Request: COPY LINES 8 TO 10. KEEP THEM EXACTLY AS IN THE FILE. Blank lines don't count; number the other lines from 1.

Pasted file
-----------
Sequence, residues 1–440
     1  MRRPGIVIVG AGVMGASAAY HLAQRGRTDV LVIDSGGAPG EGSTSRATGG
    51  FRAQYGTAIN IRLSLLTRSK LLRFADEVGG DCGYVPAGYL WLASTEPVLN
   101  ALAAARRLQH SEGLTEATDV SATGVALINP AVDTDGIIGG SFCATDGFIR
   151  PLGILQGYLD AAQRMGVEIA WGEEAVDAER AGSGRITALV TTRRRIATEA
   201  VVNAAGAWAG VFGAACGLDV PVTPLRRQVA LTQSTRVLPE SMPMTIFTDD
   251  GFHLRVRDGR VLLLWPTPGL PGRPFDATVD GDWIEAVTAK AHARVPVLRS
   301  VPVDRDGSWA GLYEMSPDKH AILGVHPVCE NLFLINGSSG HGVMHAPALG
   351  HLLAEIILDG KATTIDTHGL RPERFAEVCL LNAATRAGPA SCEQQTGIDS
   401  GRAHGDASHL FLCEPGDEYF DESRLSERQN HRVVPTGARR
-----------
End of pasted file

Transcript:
   301  VPVDRDGSWA GLYEMSPDKH AILGVHPVCE NLFLINGSSG HGVMHAPALG
   351  HLLAEIILDG KATTIDTHGL RPERFAEVCL LNAATRAGPA SCEQQTGIDS
   401  GRAHGDASHL FLCEPGDEYF DESRLSERQN HRVVPTGARR